Writing for liberation exercise: Powerful metaphors

Like everything with writing, creating powerful metaphors comes with lots of practice, and more hard work and crappy writing than most people are comfortable with. Metaphors are not spontaneous bursts of genius.

Daisy Zamora poem translated

Daisy Zamora is a Nicaraguan poet who has written about women's rights, politics, revolution, art, history, and more. She fought against the Somoza dictatorship in the 1970s, and joined the Sandinista National Liberation Front (FSLN) in 1973. During the revolution she was program director for clandestine Radio Sandino, and after the FSLN came to power,... Continue Reading →

Honduran refugee: Writing helps me survive

Jorge Madrid is a Honduran activist whose opposition to current right-wing president Juan Orlando Hernández saw him receiving death threats and having to flee the country. He was also a student leader when then President Manuel Zelaya was overthrown by a coup in 2009. He says the stealing of the elections in 2017 and direct... Continue Reading →

3 brutal poems for women: Rare age, fairy tales, and a monster protest

The following three poems are hard and liberating. Read them out loud and with one fist clenched. Laura Passin is a writer and scholar specialising in contemporary US poetry and gender studies. I am not old - by Samantha Reynolds I am not old, she said I am rare I am the standing ovation at... Continue Reading →

Think of Syria – poems by Farrah Akbik

Farrah Akbik is a British-Syrian poet based in London who writes to raise awareness of the hardships Syria and Syrian refugees are going through. Al Sham (*another name for Damascus) I want to lay my head in the lap of Ghouta, Dull my senses with pomegranate wine. Drift like Ophelia down the river Barada, Lose... Continue Reading →

Resistance words from Turkey

A Dead Sun - by Bejan Matur I peel night from the dead sun's flesh and like a scarf wrap it round my head The graves of children - by Bejan Matur So – we died. We flitted out of darkness. Beaches bore witness, as did the tiniest of stones. Night and stars streamed above us where... Continue Reading →

Apathy in poems and quotes

Many of the wonderful ways that people have captured this most stifling of things: “We've forgotten much. How to struggle, how to rise to dizzy heights and sink to unparalleled depths. We no longer aspire to anything. Even the finer shades of despair are lost to us. We've ceased to be runners. We plod from... Continue Reading →

Naomi Shihab Nye – life poems

I love Nye's poetry because of the rich way it brings a new perspective to everyday things and the little things in life, while not shying away from the world's big horrors. Her first poem here is a great example of questioning the smallest things (and making them beautiful through that new way of seeing),... Continue Reading →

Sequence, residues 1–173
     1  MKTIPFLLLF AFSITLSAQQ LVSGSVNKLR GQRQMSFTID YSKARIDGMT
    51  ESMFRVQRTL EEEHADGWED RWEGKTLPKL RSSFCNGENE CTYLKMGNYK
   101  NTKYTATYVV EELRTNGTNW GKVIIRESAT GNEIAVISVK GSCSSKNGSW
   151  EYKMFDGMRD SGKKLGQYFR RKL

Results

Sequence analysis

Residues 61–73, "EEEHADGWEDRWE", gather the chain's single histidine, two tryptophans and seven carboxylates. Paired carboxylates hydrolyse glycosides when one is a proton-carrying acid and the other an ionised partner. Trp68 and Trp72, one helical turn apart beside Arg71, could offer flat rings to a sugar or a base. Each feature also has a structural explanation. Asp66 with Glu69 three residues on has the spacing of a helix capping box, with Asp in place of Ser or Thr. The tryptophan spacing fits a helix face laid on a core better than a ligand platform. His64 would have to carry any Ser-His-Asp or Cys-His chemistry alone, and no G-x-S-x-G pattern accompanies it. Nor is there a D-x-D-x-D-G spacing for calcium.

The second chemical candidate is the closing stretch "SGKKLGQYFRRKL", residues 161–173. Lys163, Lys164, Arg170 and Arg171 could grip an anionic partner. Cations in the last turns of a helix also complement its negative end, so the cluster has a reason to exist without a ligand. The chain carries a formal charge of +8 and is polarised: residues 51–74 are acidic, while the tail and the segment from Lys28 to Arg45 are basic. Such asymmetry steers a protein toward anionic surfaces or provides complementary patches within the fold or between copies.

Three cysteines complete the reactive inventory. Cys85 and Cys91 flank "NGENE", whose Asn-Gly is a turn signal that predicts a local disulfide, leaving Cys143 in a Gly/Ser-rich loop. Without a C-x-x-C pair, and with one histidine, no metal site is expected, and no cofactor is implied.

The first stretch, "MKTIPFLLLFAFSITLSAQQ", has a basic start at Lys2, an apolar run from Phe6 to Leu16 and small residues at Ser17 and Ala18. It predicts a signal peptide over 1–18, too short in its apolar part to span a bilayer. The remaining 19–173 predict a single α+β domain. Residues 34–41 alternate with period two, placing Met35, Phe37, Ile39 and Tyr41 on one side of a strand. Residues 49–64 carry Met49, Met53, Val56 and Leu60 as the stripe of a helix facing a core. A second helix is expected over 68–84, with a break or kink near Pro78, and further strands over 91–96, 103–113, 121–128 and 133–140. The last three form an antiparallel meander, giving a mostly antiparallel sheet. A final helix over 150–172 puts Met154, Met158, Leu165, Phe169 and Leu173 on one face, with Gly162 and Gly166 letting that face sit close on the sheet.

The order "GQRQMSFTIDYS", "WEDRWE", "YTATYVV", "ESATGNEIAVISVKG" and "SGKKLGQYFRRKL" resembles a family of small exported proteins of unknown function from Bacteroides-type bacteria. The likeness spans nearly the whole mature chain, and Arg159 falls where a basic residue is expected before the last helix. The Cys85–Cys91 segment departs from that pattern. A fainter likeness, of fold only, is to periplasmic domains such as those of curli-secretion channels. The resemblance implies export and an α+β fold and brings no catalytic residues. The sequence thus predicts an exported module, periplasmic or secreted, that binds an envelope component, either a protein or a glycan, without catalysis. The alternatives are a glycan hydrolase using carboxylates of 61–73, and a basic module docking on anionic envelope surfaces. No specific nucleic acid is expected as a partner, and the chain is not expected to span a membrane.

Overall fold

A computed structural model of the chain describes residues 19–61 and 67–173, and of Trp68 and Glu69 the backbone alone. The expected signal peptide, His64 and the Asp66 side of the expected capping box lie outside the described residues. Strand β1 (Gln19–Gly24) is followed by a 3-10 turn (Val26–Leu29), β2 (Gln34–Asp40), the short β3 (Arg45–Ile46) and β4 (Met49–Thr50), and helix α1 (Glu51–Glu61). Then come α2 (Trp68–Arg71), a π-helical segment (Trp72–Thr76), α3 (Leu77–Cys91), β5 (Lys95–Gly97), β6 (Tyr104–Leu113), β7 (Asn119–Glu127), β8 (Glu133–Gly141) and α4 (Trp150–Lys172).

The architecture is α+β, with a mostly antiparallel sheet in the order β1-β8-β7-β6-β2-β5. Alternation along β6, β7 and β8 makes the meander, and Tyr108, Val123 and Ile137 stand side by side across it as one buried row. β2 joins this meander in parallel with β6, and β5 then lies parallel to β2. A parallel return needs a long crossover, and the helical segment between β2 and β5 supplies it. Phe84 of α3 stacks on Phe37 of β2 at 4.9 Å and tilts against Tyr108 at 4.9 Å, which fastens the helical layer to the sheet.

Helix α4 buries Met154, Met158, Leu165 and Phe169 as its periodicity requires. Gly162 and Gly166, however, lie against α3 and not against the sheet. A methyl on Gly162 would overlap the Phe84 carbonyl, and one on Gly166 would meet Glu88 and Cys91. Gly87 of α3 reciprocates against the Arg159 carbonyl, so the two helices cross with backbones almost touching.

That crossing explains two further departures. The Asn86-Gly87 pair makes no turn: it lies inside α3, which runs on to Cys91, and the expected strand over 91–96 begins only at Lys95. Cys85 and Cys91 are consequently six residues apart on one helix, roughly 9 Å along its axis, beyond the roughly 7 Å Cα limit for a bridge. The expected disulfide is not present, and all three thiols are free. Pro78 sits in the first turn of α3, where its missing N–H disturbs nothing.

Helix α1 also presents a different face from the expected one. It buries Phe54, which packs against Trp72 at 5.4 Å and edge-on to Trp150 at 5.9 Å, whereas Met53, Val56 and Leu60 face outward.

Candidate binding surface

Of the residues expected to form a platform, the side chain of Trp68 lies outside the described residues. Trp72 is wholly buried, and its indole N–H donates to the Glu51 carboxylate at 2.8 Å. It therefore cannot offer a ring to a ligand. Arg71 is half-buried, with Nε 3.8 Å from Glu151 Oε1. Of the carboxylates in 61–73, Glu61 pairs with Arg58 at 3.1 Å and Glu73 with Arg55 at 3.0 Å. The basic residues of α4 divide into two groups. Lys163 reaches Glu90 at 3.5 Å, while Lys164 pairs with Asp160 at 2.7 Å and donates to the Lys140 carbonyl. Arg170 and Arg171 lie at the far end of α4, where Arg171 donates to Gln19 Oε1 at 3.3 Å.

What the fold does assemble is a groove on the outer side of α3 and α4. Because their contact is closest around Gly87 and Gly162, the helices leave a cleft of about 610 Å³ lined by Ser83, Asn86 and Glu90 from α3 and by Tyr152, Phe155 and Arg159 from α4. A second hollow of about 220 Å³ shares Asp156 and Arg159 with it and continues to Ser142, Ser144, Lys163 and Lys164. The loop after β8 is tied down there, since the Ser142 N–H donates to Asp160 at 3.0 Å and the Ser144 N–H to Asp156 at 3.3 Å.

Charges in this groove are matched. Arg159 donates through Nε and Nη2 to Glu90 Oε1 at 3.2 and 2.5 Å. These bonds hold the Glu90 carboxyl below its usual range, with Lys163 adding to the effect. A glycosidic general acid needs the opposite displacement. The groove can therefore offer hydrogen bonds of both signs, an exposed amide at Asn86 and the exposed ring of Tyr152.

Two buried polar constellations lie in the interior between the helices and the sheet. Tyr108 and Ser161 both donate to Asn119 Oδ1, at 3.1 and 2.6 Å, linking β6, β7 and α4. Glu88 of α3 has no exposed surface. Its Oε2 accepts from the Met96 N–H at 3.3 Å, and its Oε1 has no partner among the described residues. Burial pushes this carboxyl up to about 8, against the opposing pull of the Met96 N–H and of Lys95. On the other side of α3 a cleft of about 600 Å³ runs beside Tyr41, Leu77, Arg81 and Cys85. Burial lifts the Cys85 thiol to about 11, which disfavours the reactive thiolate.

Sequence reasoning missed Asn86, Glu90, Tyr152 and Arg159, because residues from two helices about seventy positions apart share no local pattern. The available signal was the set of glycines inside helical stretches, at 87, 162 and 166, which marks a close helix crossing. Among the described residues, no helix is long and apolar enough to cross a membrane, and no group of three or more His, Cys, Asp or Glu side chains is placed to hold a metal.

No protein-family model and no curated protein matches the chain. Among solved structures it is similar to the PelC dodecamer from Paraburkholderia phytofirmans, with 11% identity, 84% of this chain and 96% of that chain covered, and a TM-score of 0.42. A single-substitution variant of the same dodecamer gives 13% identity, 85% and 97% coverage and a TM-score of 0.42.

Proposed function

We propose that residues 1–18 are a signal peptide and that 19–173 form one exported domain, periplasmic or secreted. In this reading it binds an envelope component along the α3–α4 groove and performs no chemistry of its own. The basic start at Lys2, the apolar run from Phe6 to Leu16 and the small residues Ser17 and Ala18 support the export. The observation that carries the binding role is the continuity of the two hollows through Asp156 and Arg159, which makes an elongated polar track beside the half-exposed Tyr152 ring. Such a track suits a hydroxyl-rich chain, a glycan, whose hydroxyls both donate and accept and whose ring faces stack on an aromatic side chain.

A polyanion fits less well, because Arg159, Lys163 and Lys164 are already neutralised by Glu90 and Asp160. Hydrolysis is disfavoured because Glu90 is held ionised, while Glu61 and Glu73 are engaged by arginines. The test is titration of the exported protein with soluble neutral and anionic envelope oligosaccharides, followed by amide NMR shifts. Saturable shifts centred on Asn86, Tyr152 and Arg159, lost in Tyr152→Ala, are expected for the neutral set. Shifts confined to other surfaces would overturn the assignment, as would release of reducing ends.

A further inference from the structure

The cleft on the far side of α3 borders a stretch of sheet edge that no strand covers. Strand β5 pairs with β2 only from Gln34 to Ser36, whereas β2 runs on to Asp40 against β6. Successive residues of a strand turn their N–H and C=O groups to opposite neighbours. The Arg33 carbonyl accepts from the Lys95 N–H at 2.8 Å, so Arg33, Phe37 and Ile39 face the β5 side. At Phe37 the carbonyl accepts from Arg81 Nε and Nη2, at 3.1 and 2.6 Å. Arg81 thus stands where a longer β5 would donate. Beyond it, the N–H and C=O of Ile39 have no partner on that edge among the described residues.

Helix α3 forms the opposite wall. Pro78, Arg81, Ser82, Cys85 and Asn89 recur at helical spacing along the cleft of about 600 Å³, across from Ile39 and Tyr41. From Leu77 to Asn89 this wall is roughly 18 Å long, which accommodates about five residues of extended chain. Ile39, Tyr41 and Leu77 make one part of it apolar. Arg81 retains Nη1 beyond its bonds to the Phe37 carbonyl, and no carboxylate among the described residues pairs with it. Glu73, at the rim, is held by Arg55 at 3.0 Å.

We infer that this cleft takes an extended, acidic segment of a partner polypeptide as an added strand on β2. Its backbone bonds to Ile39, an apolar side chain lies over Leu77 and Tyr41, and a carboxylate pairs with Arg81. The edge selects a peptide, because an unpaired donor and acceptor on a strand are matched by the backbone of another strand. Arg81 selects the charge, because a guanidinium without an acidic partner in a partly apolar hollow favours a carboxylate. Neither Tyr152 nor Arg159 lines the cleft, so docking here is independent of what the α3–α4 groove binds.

Nicanor Parra: “Solid-ground” poetry that is for everyone

“Estados Unidos: el país donde la libertad es una estatua.” (“United States: the country where liberty is a statue”) –Nicanor Parra Nicanor Parra, often described as an "anti-poet", died on Tuesday aged 103.  Parra was a Chilean artist and poet who rejected the formalisms of poetry and abstract, inaccessible, wankiness.  He was direct, blunt, unafraid,... Continue Reading →

3 short Adrienne Rich poems for a dose of realistic wood-stained hope

I like how her poems etch out a determined resistance using nature-based and human metaphors that link the personal with the political. Dreamwood In the old, scratched, cheap wood of the typing stand there is a landscape, veined, which only a child can see or the child’s older self, a poet, a woman dreaming when... Continue Reading →

Like jealousy stains, like the things that calm down hurricanes

Like cream in guitars Like jealousy stains Like the things that calm down hurricanes Like impotent roses Like wrinkles in the sun and goosebumps on the moon Like dreaming elephants and crying tigers Like trains without rails Like bottled meat and smurfed love Like the sound of him painting colourful skeletons Like the colour of... Continue Reading →

If we loved like farmers… two poems from Suheir Hammad

land his approach to love he said was that of a farmer most love like hunters and like hunters most kill what they desire he tills soil through toes nose in the wet earth he waits prays to the gods and slowly harvests ever thankful the missing the way loss seeps into neck hollows and... Continue Reading →

Activism is poetry is activism

Warsan Shire's poems are angry and they argue and rage and weep. As fighting poems should. A British poet, born to Somali parents in Kenya, Shire's poems have been read at rallies, and in homes and not-so-homes. She writes about people who are made invisible in society - often refugees, migrants, and other marginalised groups.... Continue Reading →

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